Naive question, but is there a “cure” for some types of allergies? And for lifelong allergies, what does life with an allergy look like?

Not a naive question but perhaps a controversial one! There is a lot of debate about food allergy tolerance induction treatments. These are treatment plans, not cures. Some people have great success with these programs while others are very hesitant to try them. Their promises can vary from allowing a slightly increased tolerance to one’s allergens, to claiming that you can overcome allergies altogether. The reason they are controversial is that they are relatively new, the results are not guaranteed for everyone, there is often a chance of having anaphylaxis while doing the treatment, they can take many years to complete, the cost can be prohibitive, and not everyone is eligible, to name a few. These treatments are not the right fit for me, but they are attractive options for some people. Personally, I am very interested in the emerging gut microbiome research and its connection to our immune system and immune diseases. I can’t wait to see what that research uncovers! There are some commonalities among the daily lives of people with food allergies—reading every food label, cooking from scratch, carrying an epinephrine auto injector (such as Epi Pen or Auvi Q), stocking up on your favorite allergy-free foods, or communicating with restaurants about your allergies. But there are also things that people can handle totally differently, like how we choose to travel (or not) with food allergies, how we approach dating and social relationships, whether or not we have anxiety, whether we are comfortable eating in restaurants. Just as food allergies themselves can vary from person to person, so too can the ways in which we choose to manage our unique situations.  I used to be very closed off about talking about my food allergies with others, and often tried to hide them altogether. At this point I am pretty open about talking about my allergies because I no longer feel embarrassed of this part of my identity. It’s just one part of who I am.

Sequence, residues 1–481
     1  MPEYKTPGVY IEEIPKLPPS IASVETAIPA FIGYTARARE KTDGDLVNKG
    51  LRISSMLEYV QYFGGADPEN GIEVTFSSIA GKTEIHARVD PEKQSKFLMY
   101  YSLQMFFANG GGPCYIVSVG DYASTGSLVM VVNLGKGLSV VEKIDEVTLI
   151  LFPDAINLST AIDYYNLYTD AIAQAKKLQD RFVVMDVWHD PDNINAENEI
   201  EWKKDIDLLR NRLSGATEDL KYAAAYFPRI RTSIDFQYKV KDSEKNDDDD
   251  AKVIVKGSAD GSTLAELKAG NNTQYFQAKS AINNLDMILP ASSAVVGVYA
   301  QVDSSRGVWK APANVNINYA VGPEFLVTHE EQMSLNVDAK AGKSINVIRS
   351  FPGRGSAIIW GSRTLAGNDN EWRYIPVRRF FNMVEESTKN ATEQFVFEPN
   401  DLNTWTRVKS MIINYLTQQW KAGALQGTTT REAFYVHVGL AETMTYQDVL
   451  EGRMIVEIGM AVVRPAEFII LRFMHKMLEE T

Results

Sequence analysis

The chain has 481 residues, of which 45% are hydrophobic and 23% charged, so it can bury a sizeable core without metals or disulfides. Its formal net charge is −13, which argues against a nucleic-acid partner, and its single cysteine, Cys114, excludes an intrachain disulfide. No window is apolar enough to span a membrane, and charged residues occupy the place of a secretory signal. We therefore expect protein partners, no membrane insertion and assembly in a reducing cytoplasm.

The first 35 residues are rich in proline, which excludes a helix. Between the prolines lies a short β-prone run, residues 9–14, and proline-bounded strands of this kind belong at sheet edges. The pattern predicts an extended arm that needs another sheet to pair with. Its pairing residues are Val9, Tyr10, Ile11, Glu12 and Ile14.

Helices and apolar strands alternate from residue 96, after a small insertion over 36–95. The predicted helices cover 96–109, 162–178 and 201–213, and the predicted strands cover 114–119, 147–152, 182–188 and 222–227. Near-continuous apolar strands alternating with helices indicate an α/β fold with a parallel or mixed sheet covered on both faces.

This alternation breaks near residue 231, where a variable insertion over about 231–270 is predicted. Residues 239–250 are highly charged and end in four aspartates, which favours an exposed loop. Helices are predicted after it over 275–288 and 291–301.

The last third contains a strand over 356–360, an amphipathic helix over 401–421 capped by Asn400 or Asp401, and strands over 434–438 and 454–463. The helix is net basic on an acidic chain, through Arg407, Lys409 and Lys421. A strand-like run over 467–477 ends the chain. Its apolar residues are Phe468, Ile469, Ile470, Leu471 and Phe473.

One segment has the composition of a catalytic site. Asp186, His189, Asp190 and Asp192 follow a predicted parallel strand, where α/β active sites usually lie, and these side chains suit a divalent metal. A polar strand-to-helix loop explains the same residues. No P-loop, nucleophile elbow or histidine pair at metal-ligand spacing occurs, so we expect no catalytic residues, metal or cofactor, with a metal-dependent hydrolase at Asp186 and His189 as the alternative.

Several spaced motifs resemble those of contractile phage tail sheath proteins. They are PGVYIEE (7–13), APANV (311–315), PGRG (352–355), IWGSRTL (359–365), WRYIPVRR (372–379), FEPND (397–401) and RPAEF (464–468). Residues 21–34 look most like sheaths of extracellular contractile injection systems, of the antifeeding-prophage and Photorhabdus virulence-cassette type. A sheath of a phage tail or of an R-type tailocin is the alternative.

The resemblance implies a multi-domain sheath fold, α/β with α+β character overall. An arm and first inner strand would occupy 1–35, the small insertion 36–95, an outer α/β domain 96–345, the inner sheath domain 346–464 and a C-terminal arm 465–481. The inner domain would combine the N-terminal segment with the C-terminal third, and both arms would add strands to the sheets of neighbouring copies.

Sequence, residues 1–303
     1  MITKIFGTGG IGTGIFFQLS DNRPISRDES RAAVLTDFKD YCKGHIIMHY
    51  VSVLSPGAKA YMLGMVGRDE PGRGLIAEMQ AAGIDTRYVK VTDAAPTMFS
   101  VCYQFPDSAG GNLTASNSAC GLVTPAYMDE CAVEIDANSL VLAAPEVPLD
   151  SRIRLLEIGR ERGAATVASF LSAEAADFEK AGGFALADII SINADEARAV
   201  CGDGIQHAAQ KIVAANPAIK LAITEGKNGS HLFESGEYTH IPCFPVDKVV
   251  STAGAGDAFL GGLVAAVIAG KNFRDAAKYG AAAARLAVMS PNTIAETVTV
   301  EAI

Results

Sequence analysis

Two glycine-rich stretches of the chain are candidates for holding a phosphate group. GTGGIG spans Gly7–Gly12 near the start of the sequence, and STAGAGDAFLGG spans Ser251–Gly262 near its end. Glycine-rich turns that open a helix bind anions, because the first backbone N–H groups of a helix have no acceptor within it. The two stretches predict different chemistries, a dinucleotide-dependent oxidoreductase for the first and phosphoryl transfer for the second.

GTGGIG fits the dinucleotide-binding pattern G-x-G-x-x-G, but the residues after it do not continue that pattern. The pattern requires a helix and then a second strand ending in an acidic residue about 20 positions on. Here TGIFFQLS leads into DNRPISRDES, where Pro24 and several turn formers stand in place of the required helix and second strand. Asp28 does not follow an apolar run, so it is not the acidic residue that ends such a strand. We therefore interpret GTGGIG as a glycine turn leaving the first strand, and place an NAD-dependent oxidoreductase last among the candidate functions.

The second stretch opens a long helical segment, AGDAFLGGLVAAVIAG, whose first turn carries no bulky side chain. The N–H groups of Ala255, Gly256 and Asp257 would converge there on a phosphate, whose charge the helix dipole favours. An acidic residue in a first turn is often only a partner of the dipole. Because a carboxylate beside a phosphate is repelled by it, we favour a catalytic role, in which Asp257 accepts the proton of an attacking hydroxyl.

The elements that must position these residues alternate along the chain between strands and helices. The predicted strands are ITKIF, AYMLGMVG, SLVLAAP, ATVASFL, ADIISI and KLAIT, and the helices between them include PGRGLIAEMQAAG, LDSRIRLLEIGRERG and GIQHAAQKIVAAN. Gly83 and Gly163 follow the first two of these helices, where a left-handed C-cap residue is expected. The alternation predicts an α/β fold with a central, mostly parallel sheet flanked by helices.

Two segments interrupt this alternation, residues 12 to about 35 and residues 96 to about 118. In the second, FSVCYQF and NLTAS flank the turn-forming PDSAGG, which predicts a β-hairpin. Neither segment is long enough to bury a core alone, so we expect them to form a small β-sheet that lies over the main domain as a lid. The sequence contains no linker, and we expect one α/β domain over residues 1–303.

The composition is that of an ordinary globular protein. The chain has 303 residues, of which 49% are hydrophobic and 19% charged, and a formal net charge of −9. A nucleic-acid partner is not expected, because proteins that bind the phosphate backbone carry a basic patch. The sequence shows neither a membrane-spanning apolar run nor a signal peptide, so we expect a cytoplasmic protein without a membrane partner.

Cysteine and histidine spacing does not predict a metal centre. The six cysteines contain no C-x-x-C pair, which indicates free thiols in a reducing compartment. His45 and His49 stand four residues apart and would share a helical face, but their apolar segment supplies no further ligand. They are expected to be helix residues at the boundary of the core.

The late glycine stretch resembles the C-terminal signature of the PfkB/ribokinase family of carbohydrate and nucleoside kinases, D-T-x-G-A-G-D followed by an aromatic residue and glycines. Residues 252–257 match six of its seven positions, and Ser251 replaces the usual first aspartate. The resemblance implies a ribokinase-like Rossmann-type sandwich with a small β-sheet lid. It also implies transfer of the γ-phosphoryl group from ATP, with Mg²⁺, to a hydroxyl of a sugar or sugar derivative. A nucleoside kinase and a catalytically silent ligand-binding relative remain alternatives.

You’ve written some cookbooks specific to people with allergies! How do people use these, and what are some of your fave recipes?

My latest book, The Easy Allergy-Free Cookbook, features 85 recipes that are free from gluten and the top eight priority allergens. The majority of the recipes are ready in 30 minutes or less, one pan, and require five or fewer ingredients. My goal with this book was to create easy and approachable recipes using accessible and familiar ingredients. Cooking every night can be difficult and time consuming, and I want to help make it easy! My favorite recipes in the book are the Lemon Bars, and the Tuscan Chicken. I’m a sucker for anything lemon! I love bitter. The Tuscan Chicken is rich and creamy, and made with oat milk, which is a staple in my house. My previous book, Everyone’s Welcome, is more flexible. All of the recipes are free from peanuts, nuts, dairy, egg, soy, and shellfish. But there are recipes for making your own breads from scratch if you can eat wheat, for example. The design of this book was like a dream. It’s very graphic design focused and is a beautiful hardcover book. It looks like a piece of art, and it is. The unique, vibrant, chaotic cut-outs design was created by Tree Abraham. When I first saw it I felt like she had illustrated the inside of my brain. The book also contains some essays on life with food allergies from my perspective. I felt nervous to publish those essays at first, but after the book release I heard from so many other adults with food allergies who shared my point of view.   

If we think we may be allergic to something, what are your top tips to testing/discovering our sensitivities?

Beware of general mail order “sensitivity” tests! If you think you may be allergic to something, book an appointment with a board-certified allergist. They conduct skin prick tests and blood tests. If those come back clear, then they may progress you to an oral food challenge where you eat the potentially allergenic food in a safe and controlled environment to prove whether you are allergic or not. If the allergist determines that you have an allergy, you might be joining the Epi Pen club!